Traditional Mentoring vs Modern Mentoring

January 16, 2019

When you hear the word “mentoring,” what comes to mind? Most people think of a one-on-one interaction with a senior level individual teaching a junior level individual without the use of technology. If this is the case, you’re thinking of traditional mentoring.

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As the workforce continues to become more diverse, traditional mentoring is evolving. Individuals are continuing to learn new skills and receive guidance, but this is being done using new perspectives and technology. These changes have led to organizations considering more modern types of mentoring.

Traditional mentoring and modern mentoring have the same goals, but they promote different ways to reach those goals. It’s important to understand the benefits of each when identifying the needs of the organization and its individuals.

Here are some benefits of both types of mentoring and some of their similarities:

Why Traditional Mentoring?

Although newer forms of mentoring are becoming popular, traditional mentoring is still a valuable tool for career development. It is one-on-one and face-to-face, which is ideal if the mentee wants to improve their interpersonal skills. Traditional mentoring…

  • Improves the individual’s level of success because the mentor can give their mentee uninterrupted attention
  • Has fewer distractions when technology isn’t involved
  • Promotes higher accountability, as individuals are more responsible when there are less obstacles between themselves and their mentor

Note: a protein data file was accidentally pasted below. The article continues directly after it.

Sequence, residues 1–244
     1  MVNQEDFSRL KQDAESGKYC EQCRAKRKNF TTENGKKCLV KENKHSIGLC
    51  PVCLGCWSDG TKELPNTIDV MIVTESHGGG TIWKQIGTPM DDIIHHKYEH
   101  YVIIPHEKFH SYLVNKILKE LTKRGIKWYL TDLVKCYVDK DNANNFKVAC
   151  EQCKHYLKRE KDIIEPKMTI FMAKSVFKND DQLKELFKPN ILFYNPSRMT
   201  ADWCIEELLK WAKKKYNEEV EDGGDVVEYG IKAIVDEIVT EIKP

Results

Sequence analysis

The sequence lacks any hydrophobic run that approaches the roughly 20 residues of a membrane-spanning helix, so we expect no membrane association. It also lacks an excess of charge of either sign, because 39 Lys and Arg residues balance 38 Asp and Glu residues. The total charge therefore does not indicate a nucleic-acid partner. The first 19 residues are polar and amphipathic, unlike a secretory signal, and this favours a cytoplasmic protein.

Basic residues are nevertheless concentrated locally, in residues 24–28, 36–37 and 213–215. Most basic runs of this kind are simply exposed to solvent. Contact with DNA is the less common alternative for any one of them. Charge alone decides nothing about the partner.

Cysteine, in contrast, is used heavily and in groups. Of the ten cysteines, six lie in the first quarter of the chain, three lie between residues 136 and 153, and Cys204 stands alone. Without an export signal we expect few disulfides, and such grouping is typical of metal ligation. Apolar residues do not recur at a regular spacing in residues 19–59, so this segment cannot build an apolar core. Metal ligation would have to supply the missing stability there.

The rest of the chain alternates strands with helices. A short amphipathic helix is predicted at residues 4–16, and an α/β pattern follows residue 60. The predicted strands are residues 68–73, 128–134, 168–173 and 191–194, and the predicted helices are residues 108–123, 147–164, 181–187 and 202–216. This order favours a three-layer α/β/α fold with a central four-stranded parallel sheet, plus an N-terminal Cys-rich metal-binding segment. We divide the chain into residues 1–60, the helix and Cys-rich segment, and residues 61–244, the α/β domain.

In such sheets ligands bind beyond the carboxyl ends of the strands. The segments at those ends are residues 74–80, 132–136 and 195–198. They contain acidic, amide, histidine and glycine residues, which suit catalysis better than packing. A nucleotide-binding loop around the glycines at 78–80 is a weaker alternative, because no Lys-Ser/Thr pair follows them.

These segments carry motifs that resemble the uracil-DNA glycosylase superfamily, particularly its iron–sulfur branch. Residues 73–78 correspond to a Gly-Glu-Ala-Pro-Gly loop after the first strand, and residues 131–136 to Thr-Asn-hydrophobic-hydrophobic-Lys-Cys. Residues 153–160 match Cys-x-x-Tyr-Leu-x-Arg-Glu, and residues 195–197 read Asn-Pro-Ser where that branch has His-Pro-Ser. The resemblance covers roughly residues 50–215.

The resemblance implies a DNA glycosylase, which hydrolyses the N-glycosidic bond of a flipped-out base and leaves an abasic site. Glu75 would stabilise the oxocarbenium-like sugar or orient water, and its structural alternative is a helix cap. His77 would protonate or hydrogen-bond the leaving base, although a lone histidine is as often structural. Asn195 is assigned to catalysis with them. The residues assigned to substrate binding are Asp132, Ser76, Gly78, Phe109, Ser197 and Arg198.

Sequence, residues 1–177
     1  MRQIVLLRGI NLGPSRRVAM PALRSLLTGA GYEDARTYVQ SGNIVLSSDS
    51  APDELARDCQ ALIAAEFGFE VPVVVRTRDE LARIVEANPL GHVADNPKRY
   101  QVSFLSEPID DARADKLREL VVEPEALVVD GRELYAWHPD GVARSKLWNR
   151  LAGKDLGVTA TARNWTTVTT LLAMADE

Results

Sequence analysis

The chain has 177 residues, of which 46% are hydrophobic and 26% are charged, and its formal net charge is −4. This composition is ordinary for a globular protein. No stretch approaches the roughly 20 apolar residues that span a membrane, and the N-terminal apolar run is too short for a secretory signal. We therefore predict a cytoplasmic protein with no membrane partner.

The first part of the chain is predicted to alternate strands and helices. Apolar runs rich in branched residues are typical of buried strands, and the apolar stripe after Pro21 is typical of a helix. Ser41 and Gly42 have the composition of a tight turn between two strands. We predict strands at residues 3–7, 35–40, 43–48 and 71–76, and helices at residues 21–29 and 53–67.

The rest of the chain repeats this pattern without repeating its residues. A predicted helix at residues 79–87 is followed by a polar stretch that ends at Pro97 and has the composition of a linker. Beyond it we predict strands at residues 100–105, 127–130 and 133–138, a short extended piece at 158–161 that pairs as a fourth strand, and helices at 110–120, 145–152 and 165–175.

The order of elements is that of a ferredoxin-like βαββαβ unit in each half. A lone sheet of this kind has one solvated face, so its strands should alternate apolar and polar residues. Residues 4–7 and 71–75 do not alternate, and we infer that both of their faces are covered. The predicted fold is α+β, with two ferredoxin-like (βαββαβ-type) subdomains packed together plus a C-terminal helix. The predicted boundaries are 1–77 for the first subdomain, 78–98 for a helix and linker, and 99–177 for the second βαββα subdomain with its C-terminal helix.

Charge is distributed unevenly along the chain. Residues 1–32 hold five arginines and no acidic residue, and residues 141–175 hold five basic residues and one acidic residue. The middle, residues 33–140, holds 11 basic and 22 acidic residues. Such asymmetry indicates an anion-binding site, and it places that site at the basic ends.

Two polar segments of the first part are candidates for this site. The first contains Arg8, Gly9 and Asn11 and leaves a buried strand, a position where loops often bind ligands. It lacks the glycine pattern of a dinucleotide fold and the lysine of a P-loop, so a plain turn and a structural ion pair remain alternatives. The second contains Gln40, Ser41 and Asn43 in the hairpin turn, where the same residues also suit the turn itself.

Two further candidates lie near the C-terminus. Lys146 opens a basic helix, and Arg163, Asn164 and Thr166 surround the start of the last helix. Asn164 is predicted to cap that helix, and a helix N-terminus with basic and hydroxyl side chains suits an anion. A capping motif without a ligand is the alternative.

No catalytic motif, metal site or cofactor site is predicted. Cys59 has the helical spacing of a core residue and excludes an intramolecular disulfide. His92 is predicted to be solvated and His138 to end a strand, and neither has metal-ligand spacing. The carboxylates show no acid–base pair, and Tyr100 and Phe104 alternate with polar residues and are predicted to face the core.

Why Modern Mentoring?

There are many types of modern mentoring. Virtual, speed, and flash mentoring are just a few, and they all have their own purpose. Modern mentoring is useful if your organization is global or many of the individuals are millennials. Here are a few benefits of modern mentoring: 

  • More individuals are able to participant in the mentoring program, especially when virtual and group mentoring are implemented.
  • Modern mentoring types like flash mentoring focus on teaching an individual hard skills.
  • Networking opportunities outside of the organization are possible after a round of speed mentoring.

What Do They Have in Common?

Traditional and modern mentoring both encourage individuals to develop their career, so we recommend giving them both a try. Start with traditional mentoring, as individuals can get a feel of what a relationship has in store. After identifying the needs of the organization and its individuals, implement modern mentoring accordingly. Here are some benefits of both types of mentoring: 

  • Can be tailored to the mentee’s needs
  • Provides a low-stress environment for individuals
  • Introduces individuals to the company culture
  • Shows that the organization cares about its individuals


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